It’s hard to believe, but the 2018 election cycle is already here.
The 2017 campaign lawn signs haven’t come down yet, but pundits are already calling the November 7th results a harbinger of Democratic victories to come in 2018. They may be right, but if we’re going to get serious about the deepening climate crisis, the more important question is: Will 2018 be the year that politicians (and voters) finally begin to focus on climate change?
Early signs indicate that they will.
Leading up to last week’s election, the Environmental Voter Project called, visited, and texted over 250,000 environmentalists in five key states: Pennsylvania, Florida, Colorado, Georgia, and Massachusetts. We also had, unsolicited, more than 1,000 people contact our non-profit to volunteer for get-out-the-vote efforts – far surpassing any prior numbers. It’s clear from these conversations with volunteers and voters that environmentalists are now highly motivated.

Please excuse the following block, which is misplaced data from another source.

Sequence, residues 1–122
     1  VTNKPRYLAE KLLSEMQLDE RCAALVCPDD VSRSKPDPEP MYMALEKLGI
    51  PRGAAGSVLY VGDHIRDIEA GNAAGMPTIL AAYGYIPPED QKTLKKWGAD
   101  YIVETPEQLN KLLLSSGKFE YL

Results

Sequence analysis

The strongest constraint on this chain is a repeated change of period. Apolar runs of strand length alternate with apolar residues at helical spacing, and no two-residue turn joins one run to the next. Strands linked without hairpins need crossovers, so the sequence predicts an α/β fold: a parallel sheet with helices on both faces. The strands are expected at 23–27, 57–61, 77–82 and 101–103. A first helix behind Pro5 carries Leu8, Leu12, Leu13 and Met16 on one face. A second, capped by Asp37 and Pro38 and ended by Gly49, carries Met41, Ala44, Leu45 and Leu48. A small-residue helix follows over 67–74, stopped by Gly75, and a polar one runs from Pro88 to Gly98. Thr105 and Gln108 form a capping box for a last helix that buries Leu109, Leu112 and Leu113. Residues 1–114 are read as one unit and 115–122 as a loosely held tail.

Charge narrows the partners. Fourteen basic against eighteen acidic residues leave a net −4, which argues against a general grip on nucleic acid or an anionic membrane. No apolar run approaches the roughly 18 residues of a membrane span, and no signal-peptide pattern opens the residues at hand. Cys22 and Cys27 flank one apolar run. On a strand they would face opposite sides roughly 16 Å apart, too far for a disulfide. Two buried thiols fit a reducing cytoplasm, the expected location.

That’s good, because climate voters are needed now more than ever.
After record seasons for hurricanes, wildfires, heat waves, and flooding, the impacts of climate change have never been more apparent, yet President Trump seems determined to make matters worse by gutting the Clean Power Plan, withdrawing from the Paris Agreement, and slashing the EPA’s budget.
If 2018 is like previous elections though, most people who care deeply about climate change may not even show up to vote. According to Environmental Voter Project research, only 50 percent of environmentalists voted in the 2016 presidential election, compared to 69 percent among all registered voters. In the 2014 midterm elections, only 21 percent of environmentalists voted, compared to 44 percent among all registered voters.